Conrunners React to Cornell Initiative

Paul Cornell and Si Spurrier have called for a 50/50 male/female balance on all convention programs.

I am terribly prone to complacency, therefore, regardless of my initial skeptical reaction to the implied criticism, I think anybody who puts himself out there trying to raise the bar for con runners is doing me a service just by making me think about why I do things the way I do.

Although I don’t believe in being ruled by a canned number, I do believe in getting more women on programming. I was willing to ask — how well am I really doing? (See “Program Participation as Civil Disobedience”.)

Next, I wanted to know how other convention program organizers feel about Cornell’s initiative. Will it make any difference? Should it? How practical is it? I reached out to a dozen experienced conrunners (plus fandom’s best-known program reporter) with these questions:

  • What is your approach is to gender parity on panel programs?
  • Do you think Cornell’s initiative will change or has already changed your approach?
  • Do you have any comments on Paul Cornell’s and Si Spurrier’s actions?

Responses came back from Emily Coombs, Janice Gelb, Evelyn Leeper, Jim Mann, Craig Miller, Priscilla Olson, Arlene Satin and two fans preferring to remain unnamed. Most of their comments were so deeply thoughtful I decided to run them in full. That makes for a long post, of course, so I have placed their views after the jump.

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Why Spock Can’t Grok showed up as a result while I was running searches with Google. I decided to find out what the site had going for it besides the eye-catching domain name.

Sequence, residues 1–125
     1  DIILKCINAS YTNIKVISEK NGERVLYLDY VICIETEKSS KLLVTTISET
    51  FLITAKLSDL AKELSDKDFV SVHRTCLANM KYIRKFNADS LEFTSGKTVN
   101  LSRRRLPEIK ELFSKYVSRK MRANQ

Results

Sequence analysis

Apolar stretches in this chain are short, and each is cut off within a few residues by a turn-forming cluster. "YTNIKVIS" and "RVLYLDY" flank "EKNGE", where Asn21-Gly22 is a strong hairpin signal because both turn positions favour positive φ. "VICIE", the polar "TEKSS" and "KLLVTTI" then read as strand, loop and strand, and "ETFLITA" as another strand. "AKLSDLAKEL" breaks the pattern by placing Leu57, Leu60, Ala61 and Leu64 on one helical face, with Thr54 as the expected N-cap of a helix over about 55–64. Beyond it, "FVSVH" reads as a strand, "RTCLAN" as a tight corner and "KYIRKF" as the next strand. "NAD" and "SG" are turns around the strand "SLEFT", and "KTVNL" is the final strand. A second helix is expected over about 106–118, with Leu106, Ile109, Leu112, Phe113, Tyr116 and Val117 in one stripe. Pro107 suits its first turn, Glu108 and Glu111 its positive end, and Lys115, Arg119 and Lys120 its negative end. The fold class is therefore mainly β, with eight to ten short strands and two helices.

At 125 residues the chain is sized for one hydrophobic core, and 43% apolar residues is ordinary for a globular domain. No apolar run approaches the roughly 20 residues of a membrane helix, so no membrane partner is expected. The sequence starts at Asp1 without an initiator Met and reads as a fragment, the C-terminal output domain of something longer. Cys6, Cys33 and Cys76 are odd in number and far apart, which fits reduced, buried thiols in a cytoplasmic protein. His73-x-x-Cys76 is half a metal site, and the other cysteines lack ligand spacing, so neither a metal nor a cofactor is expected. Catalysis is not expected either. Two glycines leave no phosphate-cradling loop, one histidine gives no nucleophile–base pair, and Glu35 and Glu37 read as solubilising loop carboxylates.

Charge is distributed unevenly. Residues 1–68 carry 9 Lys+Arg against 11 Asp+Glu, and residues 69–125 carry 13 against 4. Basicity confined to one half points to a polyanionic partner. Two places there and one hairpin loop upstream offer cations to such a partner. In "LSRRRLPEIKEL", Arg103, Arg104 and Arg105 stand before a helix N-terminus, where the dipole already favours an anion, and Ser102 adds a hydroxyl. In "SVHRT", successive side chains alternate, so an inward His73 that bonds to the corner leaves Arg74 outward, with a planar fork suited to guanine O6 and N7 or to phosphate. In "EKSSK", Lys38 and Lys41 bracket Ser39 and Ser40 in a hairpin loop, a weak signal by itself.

It’s a new people search engine. Making the obvious test, I typed in my own name. came up with a hit, with great confidence displaying a picture of “Mike Glyer” beside the text — who to my surprise appeared to be the identical twin of George R. R. Martin, right down to the green Archon 25 badge that read “George R. R. Martin.”

Now I was even more curious. I put in “Ben Yalow.” found him too, sort of: with his entry was a photo of Priscilla Olson. Things were getting worse: at least George and I both have beards.

Still, mistakes happen. So the third time, I gave every chance to succeed and typed in the name of the most famous fan I know, “Forrest J Ackerman.” Eureka! This time the image returned with the text was Forry, surrounded by his collection.

Why didn’t this seem to be working for us lesser mortals? I went back to re-run the “Ben Yalow” search, looking for clues. If nothing else, I intended to read the silly motto on Priscilla’s pullover and mention it in this article. But, no.  Now, next to Ben’s name was the picture of a toothbrush.

I can see why they call this beta software.